Its always been obvious to me that the moral highground dictates that we must sacrifice our own quality of life to protect the actual biological lives of millions in the developing world. But its always been a hard one to spell out in concise, concrete terms to a skeptic. Johann has saved me the trouble.
He got one thing wrong though:
"Just as no libertarian would argue you should have the right to buy and fire a nuclear weapon, no libertarian should argue you have the right to burn unlimited greenhouse gases. Once confronted with this argument, the only people who cling to a libertarian defence of fossil fuels are people who take money from the fossil fuel industry itself, like Spiked Online."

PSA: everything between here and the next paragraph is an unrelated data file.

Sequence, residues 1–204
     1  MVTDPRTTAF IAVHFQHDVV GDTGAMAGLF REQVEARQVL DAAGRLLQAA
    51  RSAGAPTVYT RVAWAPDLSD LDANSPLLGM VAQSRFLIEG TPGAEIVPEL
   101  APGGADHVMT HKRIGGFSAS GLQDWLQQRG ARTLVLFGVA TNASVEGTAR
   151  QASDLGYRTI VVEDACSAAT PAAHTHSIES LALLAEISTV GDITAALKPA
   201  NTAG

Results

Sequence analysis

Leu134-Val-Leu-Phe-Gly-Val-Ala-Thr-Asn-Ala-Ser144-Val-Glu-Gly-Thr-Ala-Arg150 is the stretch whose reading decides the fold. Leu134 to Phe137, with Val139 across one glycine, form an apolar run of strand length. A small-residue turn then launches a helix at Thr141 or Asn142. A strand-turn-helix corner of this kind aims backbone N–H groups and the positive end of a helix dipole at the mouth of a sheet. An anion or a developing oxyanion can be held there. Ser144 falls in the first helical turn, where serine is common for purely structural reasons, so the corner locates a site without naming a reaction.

His error is in forgetting that many people profess the creed of libertarianism solely to clothe their conservatism in a cloak of morality. When presented with Johann's argument there is a creed of people who will blithely murmur agreement and then, once out of eyesight and earshot of human beings, will spend their every waking moment seeking the next most viable excuse for perpetrating the status quo (you know, the one where they get everything and people of other skin colours, languages, cultures, etc. get nothing except a nasty ending).
"The modern conservative is engaged in one of man's oldest exercises in moral philosophy; that is, the search for a superior moral justification for selfishness."
- John Kenneth Galbraith